Fiji Encyclopedia

Fiji is an island state of Oceania in the southwestern Pacific made up of 320 islands, of which about a hundred are inhabited, and over 500 islets; it is located between 16 ° and 20 ° lat. S (with the exception of the northernmost island of Rotuma), and between 177 ° long. E and 178 ° long. O. The capital, Suva, is on the island of Viti Levu.

Physical characteristics

The presence of some ‘continental’ rock formations (slate, quartzite) suggests that the Fiji are the residue of a much larger area, emerging in geologically distant eras. The major islands are mountainous (in Viti Levu, Mount Victoria is 1323 m high) and made up of materials of volcanic origin (lava, tuff), raised in recent times, where the waterways have dug narrow and deep incisions. The other islands and rocks are instead largely made up of atolls. The climate is tropical, the average annual temperature is 26 ° C in Suva: February and March are the hottest months; July and August the coldest. The rainfall, strong in the hot season, averages over 3800 mm per year.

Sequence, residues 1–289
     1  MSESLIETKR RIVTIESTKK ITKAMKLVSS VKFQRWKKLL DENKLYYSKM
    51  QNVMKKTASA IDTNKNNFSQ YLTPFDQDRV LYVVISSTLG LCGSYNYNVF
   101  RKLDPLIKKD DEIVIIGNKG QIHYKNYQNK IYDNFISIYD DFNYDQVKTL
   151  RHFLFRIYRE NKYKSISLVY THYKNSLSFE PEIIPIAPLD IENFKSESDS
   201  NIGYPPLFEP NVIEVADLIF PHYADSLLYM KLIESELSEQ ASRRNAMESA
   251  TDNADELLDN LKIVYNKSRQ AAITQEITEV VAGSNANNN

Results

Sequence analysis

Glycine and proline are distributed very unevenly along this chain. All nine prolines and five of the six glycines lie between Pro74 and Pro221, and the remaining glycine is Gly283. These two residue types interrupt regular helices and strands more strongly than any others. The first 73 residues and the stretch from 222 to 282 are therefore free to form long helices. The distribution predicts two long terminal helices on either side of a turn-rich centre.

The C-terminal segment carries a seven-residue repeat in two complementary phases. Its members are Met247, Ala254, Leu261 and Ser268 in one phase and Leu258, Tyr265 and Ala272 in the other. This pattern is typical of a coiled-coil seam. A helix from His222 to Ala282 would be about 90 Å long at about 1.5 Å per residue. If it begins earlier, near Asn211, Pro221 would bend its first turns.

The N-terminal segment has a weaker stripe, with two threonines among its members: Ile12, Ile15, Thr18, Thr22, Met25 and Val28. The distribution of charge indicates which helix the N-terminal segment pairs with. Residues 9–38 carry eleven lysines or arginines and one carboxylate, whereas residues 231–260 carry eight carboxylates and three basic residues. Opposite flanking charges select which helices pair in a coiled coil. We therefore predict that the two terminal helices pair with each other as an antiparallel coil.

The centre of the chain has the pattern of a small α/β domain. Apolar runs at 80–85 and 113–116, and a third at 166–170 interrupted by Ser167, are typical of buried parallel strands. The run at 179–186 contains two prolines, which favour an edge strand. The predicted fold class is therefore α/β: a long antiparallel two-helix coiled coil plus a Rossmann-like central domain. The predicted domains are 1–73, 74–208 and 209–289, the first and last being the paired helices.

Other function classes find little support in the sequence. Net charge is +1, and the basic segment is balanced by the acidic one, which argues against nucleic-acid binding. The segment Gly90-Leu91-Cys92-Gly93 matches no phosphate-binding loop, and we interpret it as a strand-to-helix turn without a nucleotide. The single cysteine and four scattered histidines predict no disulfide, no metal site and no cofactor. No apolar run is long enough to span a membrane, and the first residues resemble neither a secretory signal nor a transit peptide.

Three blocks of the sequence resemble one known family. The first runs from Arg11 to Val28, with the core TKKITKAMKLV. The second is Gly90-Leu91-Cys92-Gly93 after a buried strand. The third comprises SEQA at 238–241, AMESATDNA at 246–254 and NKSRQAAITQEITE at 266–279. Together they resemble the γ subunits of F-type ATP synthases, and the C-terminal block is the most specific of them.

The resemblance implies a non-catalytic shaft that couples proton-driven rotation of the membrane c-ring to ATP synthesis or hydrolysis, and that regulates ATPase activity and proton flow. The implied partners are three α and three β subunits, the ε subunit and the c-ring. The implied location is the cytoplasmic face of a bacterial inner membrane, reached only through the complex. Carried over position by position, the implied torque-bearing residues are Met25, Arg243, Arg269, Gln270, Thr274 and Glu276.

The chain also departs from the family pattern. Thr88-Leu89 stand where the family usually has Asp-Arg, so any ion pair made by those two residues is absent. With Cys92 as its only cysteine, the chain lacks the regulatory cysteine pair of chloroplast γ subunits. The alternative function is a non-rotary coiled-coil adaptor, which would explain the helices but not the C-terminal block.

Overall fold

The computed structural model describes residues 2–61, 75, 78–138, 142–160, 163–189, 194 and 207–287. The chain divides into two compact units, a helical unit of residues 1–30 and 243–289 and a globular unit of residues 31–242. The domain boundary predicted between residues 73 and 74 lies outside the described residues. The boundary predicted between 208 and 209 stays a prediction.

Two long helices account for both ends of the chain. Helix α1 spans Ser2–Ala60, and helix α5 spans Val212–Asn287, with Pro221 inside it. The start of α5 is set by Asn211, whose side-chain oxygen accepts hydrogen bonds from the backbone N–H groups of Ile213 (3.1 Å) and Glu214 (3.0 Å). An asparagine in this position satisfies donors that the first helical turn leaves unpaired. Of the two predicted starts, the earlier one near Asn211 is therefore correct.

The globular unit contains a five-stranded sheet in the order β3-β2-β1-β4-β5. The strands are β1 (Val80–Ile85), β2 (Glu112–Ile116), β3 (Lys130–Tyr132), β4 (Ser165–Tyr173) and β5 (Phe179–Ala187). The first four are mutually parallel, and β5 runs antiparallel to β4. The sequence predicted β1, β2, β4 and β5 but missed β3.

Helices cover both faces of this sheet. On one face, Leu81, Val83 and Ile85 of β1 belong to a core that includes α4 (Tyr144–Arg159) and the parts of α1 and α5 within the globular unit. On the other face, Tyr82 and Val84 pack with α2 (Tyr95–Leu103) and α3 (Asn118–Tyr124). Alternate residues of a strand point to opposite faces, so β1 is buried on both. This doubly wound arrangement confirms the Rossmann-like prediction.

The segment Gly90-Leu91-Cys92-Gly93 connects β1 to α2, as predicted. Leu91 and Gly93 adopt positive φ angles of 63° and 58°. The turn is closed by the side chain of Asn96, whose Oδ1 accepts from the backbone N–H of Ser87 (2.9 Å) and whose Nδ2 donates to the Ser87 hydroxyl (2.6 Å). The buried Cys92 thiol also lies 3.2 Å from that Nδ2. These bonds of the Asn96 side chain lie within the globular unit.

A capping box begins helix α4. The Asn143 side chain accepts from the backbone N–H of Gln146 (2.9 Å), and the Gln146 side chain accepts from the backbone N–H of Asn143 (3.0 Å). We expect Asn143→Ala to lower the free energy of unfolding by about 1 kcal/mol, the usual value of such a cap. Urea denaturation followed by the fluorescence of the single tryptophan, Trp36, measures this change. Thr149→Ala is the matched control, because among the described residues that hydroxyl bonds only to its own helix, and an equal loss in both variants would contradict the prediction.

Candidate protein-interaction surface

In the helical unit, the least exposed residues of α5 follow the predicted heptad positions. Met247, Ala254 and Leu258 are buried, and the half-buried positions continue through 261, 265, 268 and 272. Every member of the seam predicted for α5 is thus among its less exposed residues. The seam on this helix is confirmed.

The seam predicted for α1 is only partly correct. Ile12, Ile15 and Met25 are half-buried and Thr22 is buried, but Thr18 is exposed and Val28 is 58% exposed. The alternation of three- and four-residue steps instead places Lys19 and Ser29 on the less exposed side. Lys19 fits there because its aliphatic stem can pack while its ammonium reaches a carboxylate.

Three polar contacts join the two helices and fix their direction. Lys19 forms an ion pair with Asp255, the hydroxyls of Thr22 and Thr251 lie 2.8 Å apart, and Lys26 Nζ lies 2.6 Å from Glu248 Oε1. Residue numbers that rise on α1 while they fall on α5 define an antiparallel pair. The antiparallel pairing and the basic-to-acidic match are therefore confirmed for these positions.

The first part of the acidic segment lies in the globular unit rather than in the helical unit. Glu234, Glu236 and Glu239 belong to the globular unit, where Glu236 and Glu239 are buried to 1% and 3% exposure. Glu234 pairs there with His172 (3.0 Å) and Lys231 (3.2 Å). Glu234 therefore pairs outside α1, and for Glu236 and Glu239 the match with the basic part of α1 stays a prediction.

The population consists mainly of Fijians (54.3%) and Indians (38.2%). Following the coups d’état of 1987, the emigration of considerable Indian contingents began. The natural growth rate, highest among the Fijian population, was 1.4% in 2009, with an infant mortality rate of 11.50 ‰. Majority religions are the Christian (predominantly Methodist) and the Hindu, with a consistent minority of Muslims (respectively 52.9%, 38.1% and 7.8%).

Economic conditions

According to HOMEAGERLY, the Fijian economy is largely based on agriculture and in particular on the cultivation of sugar cane. However, since the 1980s, sugar production has dropped significantly (366,000 t in 2006 against 500,000 in 1980), following the vicissitudes of the international market and the negative climatic conditions. Other products are tobacco, palm oil and, expanding, rice. Also noteworthy is the forestry heritage (1.2 million ha), for the exploitation of which a large plant was built (1987) in Lautoka (Viti Levu), and fishing. The only mineral resource is gold. The tourism sector is of growing importance (545,000 visitors in 2006). Communications use Nadi International Airport (Suva).